Cerebral Cheese of Paulius Skaisgiris

Exploring myself through data


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During my undergraduate studies I have been keeping quantitative track of many aspects of my life. In this blog post I will finally reap the fruits of my efforts and crunch the data. In a follow-up blog post, I will discuss whether this effort was worth it at all and whether quantization of the daily is a desperate attempt at trying to retain control of your life. (edit 2023-04-17: I don't think this follow-up post will come anytime soon)


In the following, I will refer to productive activities as those including courses, paid work positions, extra-curricular activities, and in general those contributing to any kind of output. Thus, for example, working out or reading is not considered productive, whereas writing a blog post or creating this website is. (I understand this is a tad of a wobbly definition but that is how I tracked my hours the past year and after I had realized the shortcomings of this definition, it was a bit too late).

I have tracked my productive time using Clockify from start of September 2020 until start of July 2021.

Fig 1: A bar chart of the amount of hours spent on various activities (September 2020 - June 2021)

The numbers on the x-axis correspond to the following activities:

1. Thesis
2. Other TODOs
3. Project 3-1
4. Study association Incognito
5. Software developer work
6. Coding teacher work
7. Software and Systems Verification course
8. Data Analysis course
9. Advanced Mathematical Techniques of Physics course
10. Intelligent Systems course
11. Introduction to Quantum Computing course
12. Optimization Course
13. Operations Research Case Studies course
14. Parallel Programming course
15. Game Theory Course
16. Student ambassador work

By simply accumulating all hours per activity, we already see some interesting results! As one can expect, the thesis took the most amount of time in my senior year of university. I have worked only 3 months on it full-time and 3 months part-time, whereas I worked on my paid work (5. and 6.) part-time the whole year. Nonetheless, we can see that the thesis still took longer than any other one activity by a large margin.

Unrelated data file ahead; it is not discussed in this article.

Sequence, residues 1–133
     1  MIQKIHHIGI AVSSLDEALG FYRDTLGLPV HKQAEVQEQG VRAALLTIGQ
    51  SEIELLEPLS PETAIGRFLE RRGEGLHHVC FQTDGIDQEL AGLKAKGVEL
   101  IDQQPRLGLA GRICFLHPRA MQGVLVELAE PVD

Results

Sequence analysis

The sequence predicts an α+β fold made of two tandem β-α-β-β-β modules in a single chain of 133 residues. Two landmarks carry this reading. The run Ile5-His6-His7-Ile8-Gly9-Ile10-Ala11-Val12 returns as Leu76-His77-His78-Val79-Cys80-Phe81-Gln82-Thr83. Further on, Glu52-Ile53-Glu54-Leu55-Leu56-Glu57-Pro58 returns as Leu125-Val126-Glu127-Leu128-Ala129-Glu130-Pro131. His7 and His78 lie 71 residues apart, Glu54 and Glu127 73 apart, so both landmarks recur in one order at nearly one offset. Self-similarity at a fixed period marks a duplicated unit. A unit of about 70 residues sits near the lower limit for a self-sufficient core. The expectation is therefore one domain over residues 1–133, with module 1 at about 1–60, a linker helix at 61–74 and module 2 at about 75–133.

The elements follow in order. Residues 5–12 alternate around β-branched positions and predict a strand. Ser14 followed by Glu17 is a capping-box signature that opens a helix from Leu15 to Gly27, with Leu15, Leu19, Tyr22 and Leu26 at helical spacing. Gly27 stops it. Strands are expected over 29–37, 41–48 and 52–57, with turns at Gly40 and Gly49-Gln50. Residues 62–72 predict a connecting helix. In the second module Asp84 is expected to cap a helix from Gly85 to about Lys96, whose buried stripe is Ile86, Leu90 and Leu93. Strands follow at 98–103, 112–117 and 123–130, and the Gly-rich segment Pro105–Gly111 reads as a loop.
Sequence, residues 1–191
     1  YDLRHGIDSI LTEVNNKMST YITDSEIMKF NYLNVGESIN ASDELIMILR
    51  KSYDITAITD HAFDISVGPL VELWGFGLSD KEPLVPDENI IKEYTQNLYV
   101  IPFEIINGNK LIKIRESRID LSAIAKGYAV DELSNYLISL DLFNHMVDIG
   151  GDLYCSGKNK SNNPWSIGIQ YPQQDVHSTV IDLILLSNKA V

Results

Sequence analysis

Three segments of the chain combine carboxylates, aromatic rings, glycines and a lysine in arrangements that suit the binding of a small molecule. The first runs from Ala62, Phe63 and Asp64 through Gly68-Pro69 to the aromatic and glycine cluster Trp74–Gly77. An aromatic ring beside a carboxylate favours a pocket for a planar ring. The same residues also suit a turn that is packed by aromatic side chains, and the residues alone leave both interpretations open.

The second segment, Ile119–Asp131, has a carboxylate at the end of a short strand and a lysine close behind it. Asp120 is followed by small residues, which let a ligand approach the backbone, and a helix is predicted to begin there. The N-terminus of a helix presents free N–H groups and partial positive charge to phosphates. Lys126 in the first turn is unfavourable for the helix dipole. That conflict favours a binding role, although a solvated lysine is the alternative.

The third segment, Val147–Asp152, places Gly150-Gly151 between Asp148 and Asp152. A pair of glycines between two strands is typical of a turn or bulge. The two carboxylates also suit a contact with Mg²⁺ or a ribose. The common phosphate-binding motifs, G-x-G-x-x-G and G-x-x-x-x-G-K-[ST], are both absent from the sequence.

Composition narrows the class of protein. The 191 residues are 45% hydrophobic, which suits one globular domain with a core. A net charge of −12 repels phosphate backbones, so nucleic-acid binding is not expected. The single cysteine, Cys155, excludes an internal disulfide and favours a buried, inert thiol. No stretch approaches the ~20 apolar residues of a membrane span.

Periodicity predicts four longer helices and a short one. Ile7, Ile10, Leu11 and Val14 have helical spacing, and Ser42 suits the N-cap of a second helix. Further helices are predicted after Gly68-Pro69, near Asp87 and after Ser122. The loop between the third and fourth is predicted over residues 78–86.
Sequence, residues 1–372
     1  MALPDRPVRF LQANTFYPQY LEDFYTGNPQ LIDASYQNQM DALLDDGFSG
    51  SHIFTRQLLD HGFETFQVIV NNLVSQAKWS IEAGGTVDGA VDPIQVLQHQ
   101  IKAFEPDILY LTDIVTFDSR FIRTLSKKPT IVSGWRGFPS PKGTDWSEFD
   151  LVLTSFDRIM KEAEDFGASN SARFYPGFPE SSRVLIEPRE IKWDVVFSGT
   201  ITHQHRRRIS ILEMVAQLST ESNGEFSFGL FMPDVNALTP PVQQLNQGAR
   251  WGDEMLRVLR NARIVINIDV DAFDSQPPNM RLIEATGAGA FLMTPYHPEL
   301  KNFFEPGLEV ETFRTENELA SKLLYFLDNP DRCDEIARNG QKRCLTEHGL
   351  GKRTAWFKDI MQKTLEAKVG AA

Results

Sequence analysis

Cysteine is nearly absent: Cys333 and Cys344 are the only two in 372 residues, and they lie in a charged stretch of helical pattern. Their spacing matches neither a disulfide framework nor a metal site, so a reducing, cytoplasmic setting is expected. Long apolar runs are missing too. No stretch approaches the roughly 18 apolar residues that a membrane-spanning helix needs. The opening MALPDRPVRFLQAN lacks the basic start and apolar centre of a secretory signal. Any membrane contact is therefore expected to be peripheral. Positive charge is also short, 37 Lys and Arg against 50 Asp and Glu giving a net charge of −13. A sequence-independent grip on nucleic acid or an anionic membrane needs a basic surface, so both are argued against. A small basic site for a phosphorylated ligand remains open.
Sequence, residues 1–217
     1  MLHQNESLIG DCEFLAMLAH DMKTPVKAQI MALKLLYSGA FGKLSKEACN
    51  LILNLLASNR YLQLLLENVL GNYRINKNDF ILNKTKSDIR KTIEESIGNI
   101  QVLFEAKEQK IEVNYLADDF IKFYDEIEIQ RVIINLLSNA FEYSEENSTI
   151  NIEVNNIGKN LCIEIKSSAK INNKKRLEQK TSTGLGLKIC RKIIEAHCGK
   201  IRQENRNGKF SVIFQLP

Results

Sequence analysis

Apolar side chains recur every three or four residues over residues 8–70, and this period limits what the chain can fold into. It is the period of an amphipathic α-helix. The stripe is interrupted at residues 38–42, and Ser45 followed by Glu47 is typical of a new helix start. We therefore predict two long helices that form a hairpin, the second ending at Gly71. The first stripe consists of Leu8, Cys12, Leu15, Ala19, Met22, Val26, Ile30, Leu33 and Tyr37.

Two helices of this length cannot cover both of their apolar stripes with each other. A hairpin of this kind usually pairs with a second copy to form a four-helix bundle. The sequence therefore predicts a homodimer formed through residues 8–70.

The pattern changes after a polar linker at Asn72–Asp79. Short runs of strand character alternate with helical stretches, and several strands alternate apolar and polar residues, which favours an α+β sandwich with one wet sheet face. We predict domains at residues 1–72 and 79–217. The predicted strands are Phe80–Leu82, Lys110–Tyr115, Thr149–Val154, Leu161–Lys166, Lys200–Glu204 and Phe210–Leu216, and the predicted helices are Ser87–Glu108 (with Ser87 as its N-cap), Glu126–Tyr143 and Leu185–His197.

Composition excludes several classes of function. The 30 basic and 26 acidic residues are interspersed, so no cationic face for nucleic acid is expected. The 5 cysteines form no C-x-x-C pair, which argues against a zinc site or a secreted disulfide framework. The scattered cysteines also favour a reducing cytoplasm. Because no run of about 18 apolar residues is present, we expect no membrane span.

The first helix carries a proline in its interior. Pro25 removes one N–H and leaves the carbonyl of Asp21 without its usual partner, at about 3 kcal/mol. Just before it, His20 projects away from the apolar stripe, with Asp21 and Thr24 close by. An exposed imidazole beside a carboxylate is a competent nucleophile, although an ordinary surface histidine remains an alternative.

Another interesting observation is that courses in my faculty are worth 4 ECTS which are worth 25-30 hours each. It follows that I didn't exceed the estimated amount of study time (~100 hours) for a single course (maximum was AMTP for which I spent ~76 hours total).

Fig 2: A bar chart of course/work/other activity distribution per university block

In Maastricht University blocks 3 and 6 are 4-week blocks whereas the other ones are 8 weeks long. The first block points to the fact that I worked the least in the whole year during this time. The truth of the matter is that I didn't track things as dilligently as I did later on so the data here is a bit skewed. I would not have expected to have such a big difference to the other full blocks, though. Many hours were contributed to the "other" activities in block 3 and 4. That is when I was part of a team working on writing a paper. Figure 2 seems to point to a perplexing fact: I was slightly less productive in block 6 than in block 3. Over the course of block 6 I was working on my thesis full-time whereas in block 3 I was working on Project 3-1 (which was the basis of my aforementioned paper). I would expect block 5 and 6 to be one of the most productive periods as I was working on my thesis full-time - it does not seem to be the case.

Fig 3: A polar plot of cumulative productivity periods over the day (September 2020 - June 2021)

In order to make this plot I split the total amount of time in a day to 5 minute bins: [0, 5, 10, ... , 1435, 1440]. Then for each activity tracked in clockify, I converted the times to minutes and split them in 5 minute increments. Simply aggregating the counts resulted in a temporal histogram which I plotted as a polar plot.